I strongly believe that full implementation of the revised SGP will bring better results than partial implementation of the original Pact. This is not just wishful thinking. There are very convincing arguments that a rules-based framework that has a sound economic basis and allows room for judgement will lead to better outcomes. Let me just stress three key elements.
Finally, I would like to point out that our initial experiences with the revised Pact have been encouraging and suggest a renewed sense of national ownership of the framework. In the cases of Italy and Portugal, the revision of the Pact allowed deadlines for the correction of excessive deficits to be set that were realistic about the appropriate speed of adjustment. The case of the UK also confirmed that the new Pact is being implemented as it should be.
Overall, I believe that the SGP reform struck the right balance between the economic rationale and simplicity, between allowing more room for judgement and maintaining the rigour of the rules-based system. If we Full implementation of its provisions would go a long way towards addressing the main challenges currently faced by fiscal policy in the EU.
It is clear, then, that EMU has greatly contributed to macroeconomic stability through low inflation, the euro and fiscal consolidation. Nevertheless, I see scope for further progress towards macroeconomic stability in Europe, not only among the new Member States, which are understandably still in the convergence process, but also among the older ones.
Now I would like to turn to the medium- and long-term challenges Europe is facing, and in particular the need for structural reform.
2. Structural reform: main challenges and the renewed Lisbon Strategy
The most pressing challenges that Europe currently faces are the lack of growth and new jobs, the growing competitive pressures from an integrating world economy, and the consequences of the ageing of the population. The way we tackle these fundamental challenges will be crucial for the future prosperity of the Union and the well-being of its citizens.
After a prolonged slowdown, there are early signs that the EU’s economic outlook is improving. Despite this good news, the EU economy still lacks resilience in the face of shocks. Potential growth remains low at around 2%. Europe’s labour force is still grossly underutilised as witnessed by low employment rates as well as high and persistent unemployment.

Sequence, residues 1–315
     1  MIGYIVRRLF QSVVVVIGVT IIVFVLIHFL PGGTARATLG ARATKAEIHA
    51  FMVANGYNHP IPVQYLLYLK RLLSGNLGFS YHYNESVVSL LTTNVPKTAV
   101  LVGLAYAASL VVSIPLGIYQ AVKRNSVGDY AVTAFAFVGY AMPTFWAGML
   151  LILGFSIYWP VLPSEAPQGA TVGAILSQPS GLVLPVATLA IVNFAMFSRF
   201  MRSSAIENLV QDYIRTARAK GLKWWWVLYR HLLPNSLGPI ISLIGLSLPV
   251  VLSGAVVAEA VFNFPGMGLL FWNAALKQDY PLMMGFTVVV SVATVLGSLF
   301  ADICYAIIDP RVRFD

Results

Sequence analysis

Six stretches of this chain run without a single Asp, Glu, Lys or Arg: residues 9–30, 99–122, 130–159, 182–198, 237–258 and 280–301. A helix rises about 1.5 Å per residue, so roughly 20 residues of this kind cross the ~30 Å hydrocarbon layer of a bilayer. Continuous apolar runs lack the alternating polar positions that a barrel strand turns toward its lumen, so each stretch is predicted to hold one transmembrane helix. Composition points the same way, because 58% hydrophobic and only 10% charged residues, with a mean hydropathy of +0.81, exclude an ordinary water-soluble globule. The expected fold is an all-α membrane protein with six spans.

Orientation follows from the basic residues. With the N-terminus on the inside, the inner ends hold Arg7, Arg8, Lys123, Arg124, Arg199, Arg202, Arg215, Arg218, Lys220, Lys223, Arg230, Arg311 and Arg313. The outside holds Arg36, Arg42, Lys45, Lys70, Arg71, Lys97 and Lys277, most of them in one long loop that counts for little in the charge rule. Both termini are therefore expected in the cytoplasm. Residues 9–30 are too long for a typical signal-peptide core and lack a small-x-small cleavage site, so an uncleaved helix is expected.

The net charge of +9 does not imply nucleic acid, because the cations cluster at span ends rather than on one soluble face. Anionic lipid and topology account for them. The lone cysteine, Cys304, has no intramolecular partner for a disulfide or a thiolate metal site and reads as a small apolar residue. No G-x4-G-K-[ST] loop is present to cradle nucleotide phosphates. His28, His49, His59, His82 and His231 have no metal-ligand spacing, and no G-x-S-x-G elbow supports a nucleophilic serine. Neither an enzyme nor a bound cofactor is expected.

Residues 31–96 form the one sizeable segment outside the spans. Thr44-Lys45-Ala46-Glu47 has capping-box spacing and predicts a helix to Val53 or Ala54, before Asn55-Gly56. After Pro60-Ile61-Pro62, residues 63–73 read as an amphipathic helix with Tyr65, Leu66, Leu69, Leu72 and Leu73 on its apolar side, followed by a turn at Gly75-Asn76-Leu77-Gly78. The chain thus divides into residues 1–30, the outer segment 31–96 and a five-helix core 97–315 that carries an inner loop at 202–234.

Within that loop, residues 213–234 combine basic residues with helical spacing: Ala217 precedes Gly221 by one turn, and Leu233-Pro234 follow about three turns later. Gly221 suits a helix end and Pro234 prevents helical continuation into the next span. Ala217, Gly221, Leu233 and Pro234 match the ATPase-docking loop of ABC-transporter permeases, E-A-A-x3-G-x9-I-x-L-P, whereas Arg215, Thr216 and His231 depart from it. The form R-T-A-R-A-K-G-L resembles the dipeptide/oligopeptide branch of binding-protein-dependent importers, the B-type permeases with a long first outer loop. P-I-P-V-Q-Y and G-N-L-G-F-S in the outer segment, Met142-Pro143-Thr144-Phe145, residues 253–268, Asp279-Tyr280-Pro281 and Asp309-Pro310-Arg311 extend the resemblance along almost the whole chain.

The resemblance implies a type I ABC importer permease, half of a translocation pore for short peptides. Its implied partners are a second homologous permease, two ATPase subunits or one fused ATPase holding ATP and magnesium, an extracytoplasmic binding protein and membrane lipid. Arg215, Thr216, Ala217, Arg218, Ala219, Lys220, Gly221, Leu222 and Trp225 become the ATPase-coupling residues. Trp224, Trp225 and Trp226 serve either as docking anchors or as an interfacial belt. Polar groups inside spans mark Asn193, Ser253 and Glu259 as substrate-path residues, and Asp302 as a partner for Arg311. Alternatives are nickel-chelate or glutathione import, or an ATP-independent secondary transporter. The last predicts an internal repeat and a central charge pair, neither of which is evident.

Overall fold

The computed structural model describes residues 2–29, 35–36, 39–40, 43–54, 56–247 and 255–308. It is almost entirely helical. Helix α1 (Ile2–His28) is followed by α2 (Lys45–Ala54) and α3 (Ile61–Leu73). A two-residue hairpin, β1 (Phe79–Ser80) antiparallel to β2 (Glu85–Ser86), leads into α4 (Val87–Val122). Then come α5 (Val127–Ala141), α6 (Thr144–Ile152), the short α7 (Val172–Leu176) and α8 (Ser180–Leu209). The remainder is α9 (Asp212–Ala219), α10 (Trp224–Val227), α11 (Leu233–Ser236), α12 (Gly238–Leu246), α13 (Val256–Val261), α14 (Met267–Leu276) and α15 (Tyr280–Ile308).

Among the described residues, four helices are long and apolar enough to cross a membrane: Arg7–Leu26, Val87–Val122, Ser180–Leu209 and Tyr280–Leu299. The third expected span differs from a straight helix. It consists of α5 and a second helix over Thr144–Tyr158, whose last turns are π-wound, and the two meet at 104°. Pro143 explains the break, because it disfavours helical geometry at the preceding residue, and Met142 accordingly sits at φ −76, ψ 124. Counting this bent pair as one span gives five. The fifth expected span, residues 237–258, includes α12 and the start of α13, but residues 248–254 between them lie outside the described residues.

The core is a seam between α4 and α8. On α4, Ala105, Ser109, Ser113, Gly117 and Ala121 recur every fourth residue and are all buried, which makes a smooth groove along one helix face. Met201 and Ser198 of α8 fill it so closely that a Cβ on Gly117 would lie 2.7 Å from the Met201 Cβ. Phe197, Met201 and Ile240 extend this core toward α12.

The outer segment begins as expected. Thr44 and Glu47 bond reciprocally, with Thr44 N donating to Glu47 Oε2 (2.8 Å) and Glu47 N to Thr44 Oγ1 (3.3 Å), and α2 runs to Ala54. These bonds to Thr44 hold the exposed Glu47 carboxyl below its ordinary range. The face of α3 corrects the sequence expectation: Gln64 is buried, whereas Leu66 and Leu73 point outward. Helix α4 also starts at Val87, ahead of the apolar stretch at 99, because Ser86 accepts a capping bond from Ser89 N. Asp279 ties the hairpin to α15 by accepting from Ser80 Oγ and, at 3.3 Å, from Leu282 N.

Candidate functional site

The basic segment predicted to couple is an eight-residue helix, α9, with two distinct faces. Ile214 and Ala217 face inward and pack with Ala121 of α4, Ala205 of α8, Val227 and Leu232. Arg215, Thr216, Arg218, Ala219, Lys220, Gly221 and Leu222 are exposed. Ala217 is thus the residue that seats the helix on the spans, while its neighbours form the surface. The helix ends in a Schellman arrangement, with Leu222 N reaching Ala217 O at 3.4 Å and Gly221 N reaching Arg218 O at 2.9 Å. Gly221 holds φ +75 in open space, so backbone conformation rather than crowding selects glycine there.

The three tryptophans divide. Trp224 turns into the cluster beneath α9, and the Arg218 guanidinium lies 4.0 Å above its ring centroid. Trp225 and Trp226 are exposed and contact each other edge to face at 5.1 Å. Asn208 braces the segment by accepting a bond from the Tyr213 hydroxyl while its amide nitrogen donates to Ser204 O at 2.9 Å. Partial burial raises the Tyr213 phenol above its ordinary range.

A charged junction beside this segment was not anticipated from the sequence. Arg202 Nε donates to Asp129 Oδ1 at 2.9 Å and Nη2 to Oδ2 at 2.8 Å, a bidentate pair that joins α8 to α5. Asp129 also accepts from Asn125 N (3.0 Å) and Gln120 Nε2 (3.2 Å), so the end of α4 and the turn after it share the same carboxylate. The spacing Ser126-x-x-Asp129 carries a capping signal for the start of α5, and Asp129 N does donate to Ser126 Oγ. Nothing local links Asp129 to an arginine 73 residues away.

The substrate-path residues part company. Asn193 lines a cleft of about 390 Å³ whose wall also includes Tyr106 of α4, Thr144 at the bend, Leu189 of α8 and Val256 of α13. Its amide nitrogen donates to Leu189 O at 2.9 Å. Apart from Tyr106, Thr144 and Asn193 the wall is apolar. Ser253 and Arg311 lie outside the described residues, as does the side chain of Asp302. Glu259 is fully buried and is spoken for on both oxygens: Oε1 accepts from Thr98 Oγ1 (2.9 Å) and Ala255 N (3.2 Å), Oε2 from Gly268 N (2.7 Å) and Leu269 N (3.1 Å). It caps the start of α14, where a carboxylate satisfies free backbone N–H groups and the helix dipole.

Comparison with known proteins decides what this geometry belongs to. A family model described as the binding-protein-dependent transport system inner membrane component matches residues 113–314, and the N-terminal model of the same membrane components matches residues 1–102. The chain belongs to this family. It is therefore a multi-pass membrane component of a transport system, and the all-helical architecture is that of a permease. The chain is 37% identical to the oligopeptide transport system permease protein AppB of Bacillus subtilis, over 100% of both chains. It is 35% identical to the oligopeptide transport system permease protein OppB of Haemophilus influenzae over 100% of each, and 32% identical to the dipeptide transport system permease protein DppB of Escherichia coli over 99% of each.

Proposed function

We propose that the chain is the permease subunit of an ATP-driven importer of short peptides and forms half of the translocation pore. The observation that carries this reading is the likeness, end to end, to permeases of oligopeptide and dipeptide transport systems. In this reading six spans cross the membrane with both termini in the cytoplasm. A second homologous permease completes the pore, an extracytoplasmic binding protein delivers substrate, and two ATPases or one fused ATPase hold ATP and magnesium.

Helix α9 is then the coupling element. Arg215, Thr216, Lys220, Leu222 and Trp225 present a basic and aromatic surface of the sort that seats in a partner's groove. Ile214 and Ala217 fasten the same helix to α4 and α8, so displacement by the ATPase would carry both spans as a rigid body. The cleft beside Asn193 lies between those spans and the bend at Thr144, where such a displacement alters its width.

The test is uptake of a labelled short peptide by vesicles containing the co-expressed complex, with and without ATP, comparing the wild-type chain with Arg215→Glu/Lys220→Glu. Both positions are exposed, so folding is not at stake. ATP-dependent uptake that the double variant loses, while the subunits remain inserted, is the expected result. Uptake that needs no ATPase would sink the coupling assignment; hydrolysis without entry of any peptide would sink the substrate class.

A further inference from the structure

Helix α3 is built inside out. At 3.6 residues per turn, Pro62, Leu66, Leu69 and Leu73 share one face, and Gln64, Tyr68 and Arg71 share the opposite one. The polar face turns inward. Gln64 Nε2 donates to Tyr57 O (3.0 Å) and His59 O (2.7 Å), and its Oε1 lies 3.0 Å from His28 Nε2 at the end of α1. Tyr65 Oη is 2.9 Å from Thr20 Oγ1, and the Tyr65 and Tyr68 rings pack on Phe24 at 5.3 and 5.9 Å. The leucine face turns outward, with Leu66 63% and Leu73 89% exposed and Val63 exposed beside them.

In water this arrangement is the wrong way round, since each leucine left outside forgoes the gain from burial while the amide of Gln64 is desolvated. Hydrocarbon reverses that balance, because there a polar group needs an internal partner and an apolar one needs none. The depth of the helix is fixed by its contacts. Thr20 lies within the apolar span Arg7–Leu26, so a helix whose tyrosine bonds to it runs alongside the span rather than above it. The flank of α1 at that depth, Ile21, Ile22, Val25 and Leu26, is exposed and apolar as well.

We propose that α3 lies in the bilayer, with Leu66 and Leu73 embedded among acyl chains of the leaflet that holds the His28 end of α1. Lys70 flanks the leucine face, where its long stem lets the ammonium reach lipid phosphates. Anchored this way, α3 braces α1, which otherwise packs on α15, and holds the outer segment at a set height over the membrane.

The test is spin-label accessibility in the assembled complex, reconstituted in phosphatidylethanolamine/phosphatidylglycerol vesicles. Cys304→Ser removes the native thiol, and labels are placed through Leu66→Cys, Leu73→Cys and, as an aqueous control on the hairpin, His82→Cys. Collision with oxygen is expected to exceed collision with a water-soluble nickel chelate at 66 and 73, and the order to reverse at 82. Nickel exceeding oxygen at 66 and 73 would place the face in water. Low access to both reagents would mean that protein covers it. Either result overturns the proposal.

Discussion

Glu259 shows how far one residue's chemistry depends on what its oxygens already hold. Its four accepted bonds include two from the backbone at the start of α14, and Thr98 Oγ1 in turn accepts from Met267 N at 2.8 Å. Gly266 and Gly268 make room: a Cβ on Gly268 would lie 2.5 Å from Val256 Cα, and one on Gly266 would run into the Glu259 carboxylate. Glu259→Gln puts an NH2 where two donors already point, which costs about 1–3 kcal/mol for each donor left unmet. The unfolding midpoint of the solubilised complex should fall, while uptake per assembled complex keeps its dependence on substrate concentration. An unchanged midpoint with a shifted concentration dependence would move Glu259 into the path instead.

Moreover, demographic projections are quite unfavourable for Europe. This will put strains on the sustainability of public finances in many EU countries. According to the EPC and Commission report endorsed yesterday by the ECOFIN Council, the EU’s old-age dependency ratio is projected to double in the next half-century so that Europe will go from having four people of working-age for every elderly citizen to only two. This means that the effect of population ageing alone might reduce the rate of potential growth by nearly half between 2031 and 2050, to 1.3%. This, as you can imagine, will put the sustainability of the European social model under pressure. Expenditure on pensions and health care is on the increase while the reduction of labour supply will jeopardise our ability to maintain high economic growth.
Finally, the European economy is part of an increasingly integrated world economy. The challenge is to make globalisation work to the EU’s advantage. And we can. We must use it to make the EU more competitive. A recent report by the Commission shows that the present phase of globalisation could bring substantial income gains over the next half century – but only if we fully exploit the opportunities. However, it will also require considerable short- to medium-run economic adjustment in some sectors of the European economy.
How can we meet the challenges I have just described? First, we need to step up our potential growth, by becoming more productive and increasing employment. And second, we must make the EU a global and dynamic economy, more resilient and adaptable. This would enable us to move to growth sectors and processes and to embrace new markets while cushioning the internal social and economic adjustment.
To do this we need to put in place a comprehensive set of EU-wide structural reforms in product, labour and capital markets. We need more investment to increase our human, physical and knowledge capital, and we need to reorganise our economy. And these structural reforms need to be underpinned by appropriate growth- and stability-oriented macroeconomic policies.